Keeping a healthy mind can be hard when you’ve got university work to do. Take a quick break and have a read through some of our top tips on studying!
Support Services at the University of Portsmouth
Academic Skills (ASK): “ASK is open to all students at the university and provides one-to-one tutorials in academic writing, note taking, time management, critical thinking, presentation skills, referencing, working in groups, revision, memory and exam techniques.”
T: 023 9284 3468
Location: Nuffield Centre
ASDAC: The Additional Support and Disability Advice Centre based in Nuffield building, offer support to students who disclose a disability or require additional support for their academic studies.
T: 023 9284 3462
Personal tutor or Supervisor: You should be informed of who your personal tutor is at the start of each academic year. If you are not able to get this information, please head to your department admin office for further direction. Your Personal Tutor or Supervisor should be your first port of call if you have any issues with the University, the course, your wellbeing or health. It would be best to contact them via email in the first instance, which should be their first name "." and their last name "@port.ac.uk".
Library: The library offer drop-in referencing workshops throughout the year, silent study area on the top floor, reception available for helping find books and resources.
T: 023 9284 3228
If you are looking for journal articles, use google scholar! Usually, lecturers prefer students to use references no older than 10 years, unless, the research is groundbreaking and relevant (e.g. well-developed historical theories). You can play around with the date settings on Google Scholar to get articles that are recent and applicable. Use the articles’ (that you’re reading) references too. Most likely their references will be covering the same area of topic you’re researching.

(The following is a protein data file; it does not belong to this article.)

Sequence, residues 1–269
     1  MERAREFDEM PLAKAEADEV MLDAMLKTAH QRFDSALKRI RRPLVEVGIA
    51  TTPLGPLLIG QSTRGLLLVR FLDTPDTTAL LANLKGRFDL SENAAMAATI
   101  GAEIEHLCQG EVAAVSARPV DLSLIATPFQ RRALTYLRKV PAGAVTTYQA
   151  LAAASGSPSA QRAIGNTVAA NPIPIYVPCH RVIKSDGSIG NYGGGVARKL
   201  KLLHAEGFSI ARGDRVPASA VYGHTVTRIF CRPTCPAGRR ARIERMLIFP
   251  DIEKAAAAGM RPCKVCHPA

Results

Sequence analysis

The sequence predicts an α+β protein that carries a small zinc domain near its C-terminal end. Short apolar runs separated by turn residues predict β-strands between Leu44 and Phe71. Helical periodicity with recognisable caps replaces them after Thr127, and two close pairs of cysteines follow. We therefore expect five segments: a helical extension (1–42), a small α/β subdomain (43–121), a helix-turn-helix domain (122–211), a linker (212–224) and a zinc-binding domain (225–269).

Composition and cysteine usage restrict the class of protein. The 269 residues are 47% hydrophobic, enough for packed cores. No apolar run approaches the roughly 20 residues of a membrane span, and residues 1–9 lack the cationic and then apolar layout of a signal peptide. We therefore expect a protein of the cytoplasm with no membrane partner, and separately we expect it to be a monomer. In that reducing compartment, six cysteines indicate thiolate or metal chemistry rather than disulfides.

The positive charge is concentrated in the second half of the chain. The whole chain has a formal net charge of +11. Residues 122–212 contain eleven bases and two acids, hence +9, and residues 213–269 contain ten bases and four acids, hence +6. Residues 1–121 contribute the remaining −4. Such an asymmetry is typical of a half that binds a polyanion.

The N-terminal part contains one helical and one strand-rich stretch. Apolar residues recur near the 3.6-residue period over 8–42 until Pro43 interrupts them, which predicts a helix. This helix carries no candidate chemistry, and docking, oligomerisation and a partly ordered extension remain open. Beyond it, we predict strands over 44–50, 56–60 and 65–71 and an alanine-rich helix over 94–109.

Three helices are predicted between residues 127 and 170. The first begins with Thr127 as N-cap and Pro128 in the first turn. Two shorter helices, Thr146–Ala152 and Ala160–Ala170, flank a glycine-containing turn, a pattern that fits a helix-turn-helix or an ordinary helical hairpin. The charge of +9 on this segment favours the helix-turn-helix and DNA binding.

A tip: use “ctrl + F (Windows) or cmd + F (Apple)” to search for keywords in a journal article. This will provide you with a list of all the places that keyword appears in the article, which in turn will save you from having to read absolutely everything.
A tip: if you’re short on time, read the abstract, discussion and findings. This usually comprises most of the information you need to know/include in your assignment.
During your time at University, it is likely that you may have to do a presentation at some point. Some are able to do this without hesitation, however, us normal people (not that they’re not normal), can find this quite daunting. Check out this article, pages 40-42 where you are given top 5 tips on how to speak in front of people (not just one person, but, like a few or loads of people).
Playing relaxing music in the background is a good way to relieve stress (MacDonald, 2013, p. 5) whilst you work hard for your degree. While it isn’t for everyone, listening to music while you study can help you focus and keep calm. In our resources section you can find a varied selection of chilled out songs that you can work to.
Finding it hard to get into the Library while you’re not in Portsmouth? Did you know that you can try your local university library? It can be a great, quiet place to get work done away from the distractions of friends and family at home.
If you need to look at some books and find a quiet place to get some work done, why not try the SCONUL scheme! It allows you to use other university libraries across the country. The online application process is quick and easy, but you should also contact the library you want to use to check if it has any additional registration requirements or restrictions (e.g. at busy times of year).
MacDonald, R. A. R. (2013). Music, health, and well-being: A review, International Journal of Qualitative Studies on Health and Well-being, 8(1), 1-13. 10.3402/ qhw.v8i0.20635